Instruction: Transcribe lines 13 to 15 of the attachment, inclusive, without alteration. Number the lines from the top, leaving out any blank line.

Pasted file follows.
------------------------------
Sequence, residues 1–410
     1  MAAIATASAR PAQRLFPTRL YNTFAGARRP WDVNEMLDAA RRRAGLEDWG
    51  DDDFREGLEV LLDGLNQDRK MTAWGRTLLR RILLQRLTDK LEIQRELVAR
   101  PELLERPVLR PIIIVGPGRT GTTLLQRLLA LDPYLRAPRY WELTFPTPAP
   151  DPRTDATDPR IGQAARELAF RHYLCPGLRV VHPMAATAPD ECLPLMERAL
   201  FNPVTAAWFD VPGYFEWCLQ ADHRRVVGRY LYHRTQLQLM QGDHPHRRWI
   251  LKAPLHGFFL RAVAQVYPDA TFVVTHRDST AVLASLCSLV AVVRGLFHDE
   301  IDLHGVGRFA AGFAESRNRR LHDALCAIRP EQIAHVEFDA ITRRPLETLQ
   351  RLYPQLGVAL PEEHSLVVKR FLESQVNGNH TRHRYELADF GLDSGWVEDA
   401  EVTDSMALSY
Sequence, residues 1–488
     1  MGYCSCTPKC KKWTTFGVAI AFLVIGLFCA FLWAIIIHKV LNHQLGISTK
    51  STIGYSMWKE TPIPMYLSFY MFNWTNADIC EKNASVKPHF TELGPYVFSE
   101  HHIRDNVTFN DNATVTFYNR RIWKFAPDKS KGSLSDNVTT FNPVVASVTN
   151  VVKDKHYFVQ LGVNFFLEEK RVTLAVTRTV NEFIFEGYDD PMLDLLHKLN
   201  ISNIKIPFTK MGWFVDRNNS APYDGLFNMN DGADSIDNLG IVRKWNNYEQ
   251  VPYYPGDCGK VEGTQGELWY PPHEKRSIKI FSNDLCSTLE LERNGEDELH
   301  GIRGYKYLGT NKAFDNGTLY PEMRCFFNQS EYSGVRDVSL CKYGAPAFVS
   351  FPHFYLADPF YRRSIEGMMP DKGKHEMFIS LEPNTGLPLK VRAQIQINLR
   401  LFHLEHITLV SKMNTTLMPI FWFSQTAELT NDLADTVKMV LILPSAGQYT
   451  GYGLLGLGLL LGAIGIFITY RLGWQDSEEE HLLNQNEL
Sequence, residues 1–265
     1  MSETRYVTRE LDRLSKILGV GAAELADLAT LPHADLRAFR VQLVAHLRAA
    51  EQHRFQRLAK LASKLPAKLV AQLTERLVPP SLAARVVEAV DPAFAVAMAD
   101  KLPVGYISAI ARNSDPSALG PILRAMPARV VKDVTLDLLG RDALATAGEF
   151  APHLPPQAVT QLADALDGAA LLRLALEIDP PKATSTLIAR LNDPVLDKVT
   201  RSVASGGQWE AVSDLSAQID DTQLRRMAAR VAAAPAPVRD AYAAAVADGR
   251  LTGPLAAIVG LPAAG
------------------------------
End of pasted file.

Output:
    51  STIGYSMWKE TPIPMYLSFY MFNWTNADIC EKNASVKPHF TELGPYVFSE
   101  HHIRDNVTFN DNATVTFYNR RIWKFAPDKS KGSLSDNVTT FNPVVASVTN
   151  VVKDKHYFVQ LGVNFFLEEK RVTLAVTRTV NEFIFEGYDD PMLDLLHKLN